But is Russian policy in CA so antagonistic? First, Central Asian states are nominally independent states which have full freedom to develop their ties with anybody including India and US. Russia should only welcome interest and investment in still very poor landlocked regions of the world.

It's true that Russia have certain obligations, mostly coming from CSTO (security organization) where CA states are full members (except neutral self-isolated Turkmenistan). Millions of Central Asians migrated to Russia in search of jobs. Russia virtually has no borders with CA countries so naturally Moscow is and will be very concerned whenever security is concerned.

That's why in my opinion Moscow frowned upon agreements Tajikistan stroke with India on air bases in Ayni & Farkhor. India has been renovating them at cost of tens of millions dollars (I didn't find exact figures, think Delhi spent around $70 mln). Despite some reports that India quietly based helicopters and fighter jets there, I believe the bases not used by India yet. Indian technical staff maybe present especially at Farkhor, but nothing else.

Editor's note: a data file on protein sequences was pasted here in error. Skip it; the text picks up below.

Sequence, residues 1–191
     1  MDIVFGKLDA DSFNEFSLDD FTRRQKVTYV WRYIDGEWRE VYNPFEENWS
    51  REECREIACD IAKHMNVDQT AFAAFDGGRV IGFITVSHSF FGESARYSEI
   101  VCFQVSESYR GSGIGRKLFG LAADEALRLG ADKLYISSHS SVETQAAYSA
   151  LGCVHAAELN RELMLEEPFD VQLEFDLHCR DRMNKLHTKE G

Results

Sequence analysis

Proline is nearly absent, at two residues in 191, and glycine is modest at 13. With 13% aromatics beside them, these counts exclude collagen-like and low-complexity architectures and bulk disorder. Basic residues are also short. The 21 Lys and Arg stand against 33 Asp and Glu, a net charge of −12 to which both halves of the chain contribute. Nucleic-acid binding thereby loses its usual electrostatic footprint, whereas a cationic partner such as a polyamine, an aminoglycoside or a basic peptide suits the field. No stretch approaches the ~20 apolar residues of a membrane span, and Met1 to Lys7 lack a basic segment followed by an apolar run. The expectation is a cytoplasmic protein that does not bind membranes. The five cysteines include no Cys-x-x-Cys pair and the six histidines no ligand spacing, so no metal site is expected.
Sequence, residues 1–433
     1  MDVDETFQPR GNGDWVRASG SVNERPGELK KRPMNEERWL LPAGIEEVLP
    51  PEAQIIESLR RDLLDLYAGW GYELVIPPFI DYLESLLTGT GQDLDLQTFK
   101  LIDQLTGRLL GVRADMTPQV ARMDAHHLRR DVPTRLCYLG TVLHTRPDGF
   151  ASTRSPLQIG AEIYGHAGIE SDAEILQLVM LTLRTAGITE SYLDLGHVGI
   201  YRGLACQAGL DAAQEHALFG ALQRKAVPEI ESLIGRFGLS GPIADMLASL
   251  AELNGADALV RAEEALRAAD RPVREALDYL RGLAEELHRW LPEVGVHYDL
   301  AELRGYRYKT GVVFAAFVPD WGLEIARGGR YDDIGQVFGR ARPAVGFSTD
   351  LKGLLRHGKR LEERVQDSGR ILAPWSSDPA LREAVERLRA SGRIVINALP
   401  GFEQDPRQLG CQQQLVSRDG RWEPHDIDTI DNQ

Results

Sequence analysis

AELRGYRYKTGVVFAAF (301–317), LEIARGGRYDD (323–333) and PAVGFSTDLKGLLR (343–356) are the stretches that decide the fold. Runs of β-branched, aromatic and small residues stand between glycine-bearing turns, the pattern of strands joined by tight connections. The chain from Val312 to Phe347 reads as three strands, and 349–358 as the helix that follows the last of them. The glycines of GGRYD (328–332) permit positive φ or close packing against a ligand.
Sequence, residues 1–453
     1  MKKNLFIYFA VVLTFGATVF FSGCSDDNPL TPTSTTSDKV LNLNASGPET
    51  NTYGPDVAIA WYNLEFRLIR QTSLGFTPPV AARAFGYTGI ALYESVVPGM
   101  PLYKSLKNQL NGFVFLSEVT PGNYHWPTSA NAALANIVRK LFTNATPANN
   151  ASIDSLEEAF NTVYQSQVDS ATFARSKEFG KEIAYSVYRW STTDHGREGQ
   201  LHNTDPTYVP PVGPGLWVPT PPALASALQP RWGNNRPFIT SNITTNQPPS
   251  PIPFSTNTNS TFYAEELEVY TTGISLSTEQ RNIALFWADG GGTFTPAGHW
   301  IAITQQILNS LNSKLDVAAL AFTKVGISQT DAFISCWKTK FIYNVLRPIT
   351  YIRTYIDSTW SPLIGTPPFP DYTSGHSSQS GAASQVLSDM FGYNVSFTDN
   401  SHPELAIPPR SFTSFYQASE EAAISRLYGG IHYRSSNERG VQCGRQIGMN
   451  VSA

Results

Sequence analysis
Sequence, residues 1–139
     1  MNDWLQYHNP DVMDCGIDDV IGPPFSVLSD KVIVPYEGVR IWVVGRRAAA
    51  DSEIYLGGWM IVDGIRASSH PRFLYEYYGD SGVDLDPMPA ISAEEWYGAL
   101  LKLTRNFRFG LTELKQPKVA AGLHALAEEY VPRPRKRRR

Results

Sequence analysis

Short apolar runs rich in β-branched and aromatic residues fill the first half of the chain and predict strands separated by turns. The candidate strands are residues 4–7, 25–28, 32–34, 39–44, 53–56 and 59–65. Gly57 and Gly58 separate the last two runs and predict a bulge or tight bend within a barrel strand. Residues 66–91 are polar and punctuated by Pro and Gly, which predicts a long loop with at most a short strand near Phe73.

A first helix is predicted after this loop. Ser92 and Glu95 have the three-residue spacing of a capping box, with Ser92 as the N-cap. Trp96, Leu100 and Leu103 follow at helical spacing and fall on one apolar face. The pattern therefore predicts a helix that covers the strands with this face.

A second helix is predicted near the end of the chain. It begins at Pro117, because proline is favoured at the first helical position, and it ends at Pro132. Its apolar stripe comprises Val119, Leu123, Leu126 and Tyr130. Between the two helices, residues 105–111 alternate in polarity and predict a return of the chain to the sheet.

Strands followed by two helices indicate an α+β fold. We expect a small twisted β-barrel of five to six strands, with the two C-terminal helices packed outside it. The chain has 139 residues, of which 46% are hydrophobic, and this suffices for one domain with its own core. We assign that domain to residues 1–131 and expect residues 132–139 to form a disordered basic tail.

One thing is economic, cultural, even political influence, military is another matter altogether. Striking base deals with Tajikistan Indians probably didn't know about nature of CSTO, which has NATO-style obligations. I mean if hypothetically Tajikistan is attacked by third party (for example by Pakistan) then Russia have to fulfil CSTO obligations and will be in war with Pakistan, the state with nuclear arms. That's why Moscow apparently prevailed on Dushanbe and India almost lost her investment. There's one way for India to use Ayni - if Tajikistan leaves CSTO altogether which clearly is highly unlikely.

However in other fields I don't see how India which is separated from CA countries by Iran (which is placed under Western sanctions) and everhostile Pakistan and perpetually unstable Afghanistan can be a threat to Russian influence in the region. Geographical and geopolitical barriers are too high for India to replace Russia as paramount power even with the little help from Americans.